Asia: a gap too far for NZ exporters?
Ninety percent of New Zealand businesses see Asia as having the greatest impact on our economy in the next three years, be it positive or negative, according to the recent Grant Thornton International Business Report (IBR).
Greg Thompson, Grant Thornton New Zealand partner, said that while businesses see the possibilities, few consider they have the ability or capacity to directly access that potential. A step from a market of four million to one of four billion is a gap too wide for most.
“While SME businesses form the backbone of our economy, on the world stage the large majority of New Zealand companies are just too small to be able to tackle Asia, be they exporters or importers. The scale of the proposition is compounded by a range of other factors including distance and language that are also seen as impediments. The difficulty for these businesses is that they each need to reinvent the wheel on how to enter and survive in the international market.
“It’s fine for the Government to say that they want ‘export led growth’ but the reality is that this is just not going to happen without a fundamental change to the way we approach international trade. Not only are most of our businesses too small, they just don’t have the skills or the financial clout.
“The Government is to be commended for its progress in reducing the barriers to trade, through entering into Free Trade Agreements and the like. However, for the Government to achieve its goal, it will have to invest considerably in supporting aspiring companies to execute an international strategy. Our research shows that currently most are just not equipped to achieve this without support,” he said.
The research showed that 30% of all respondents felt that limited knowledge of global markets was the one key factor limiting the ability to take advantage of the global markets, while 20% were worried about exchange rate volatility. The balance of concerns were many and varied.
“The sheer size of Asia, the cultural and language barriers, different legal system and remoteness are all other factors that make dealing in this part of the world difficult. The risks to a business as a whole, of a failed foray in the international market, are real, with a number of publicly reported international failures being the tip of the iceberg of those which are unreported. The fact that China is about to overtake Australia as our biggest trade partner shows the importance of the region. However, the size of the opportunity is also countered by the dangers of over reliance, such as the impact that the slowdown in China had on Australia’s mining industry particularly and the economy in general.”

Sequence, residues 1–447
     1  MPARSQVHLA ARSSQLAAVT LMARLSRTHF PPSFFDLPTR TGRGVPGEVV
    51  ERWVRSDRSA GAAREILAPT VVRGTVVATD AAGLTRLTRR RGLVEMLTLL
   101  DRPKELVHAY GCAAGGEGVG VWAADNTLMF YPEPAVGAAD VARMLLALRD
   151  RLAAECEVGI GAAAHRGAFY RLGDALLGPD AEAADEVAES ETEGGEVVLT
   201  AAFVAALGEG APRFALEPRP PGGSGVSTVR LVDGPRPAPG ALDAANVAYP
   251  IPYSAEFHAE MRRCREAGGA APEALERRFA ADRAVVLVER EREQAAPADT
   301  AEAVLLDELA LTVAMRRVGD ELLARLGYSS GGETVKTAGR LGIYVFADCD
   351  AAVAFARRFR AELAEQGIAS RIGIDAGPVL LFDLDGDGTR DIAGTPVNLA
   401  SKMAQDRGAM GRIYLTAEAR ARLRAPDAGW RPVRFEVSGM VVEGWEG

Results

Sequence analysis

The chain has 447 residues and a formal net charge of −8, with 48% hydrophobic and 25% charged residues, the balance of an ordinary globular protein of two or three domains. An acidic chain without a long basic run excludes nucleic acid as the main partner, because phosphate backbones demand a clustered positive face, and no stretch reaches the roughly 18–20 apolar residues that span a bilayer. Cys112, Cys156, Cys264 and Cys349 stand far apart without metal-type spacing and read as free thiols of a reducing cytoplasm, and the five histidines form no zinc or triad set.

Thompson said that while New Zealand Trade and Enterprise and the Ministry of Foreign Affairs and Trade provide an invaluable resource to businesses seeking to venture internationally, those businesses were essentially on their own tackling the giant that is Asia.
“The Government should be investing its money in bringing together businesses to collectively scale up, pool resources and knowledge, and provide greater capital to be more effective in their international enterprise. This is much the same way as some of New Zealand’s best international traders have tackled the problem.
“Asia is a great opportunity for New Zealand businesses, be they importers or exporters, but it is a challenging and experienced environment. Don’t forget that the likes of India, China and Japan have been trading with the rest of the world for more than a thousand years and we are the new kids on the block.
“Just like any experience in life, when you start playing with the ‘big boys’ you can get hurt. This is where the Government can play a hand in helping these businesses prepare to enter the Asian markets and then assist them to get ‘back in the saddle’ if things go awry,” he said.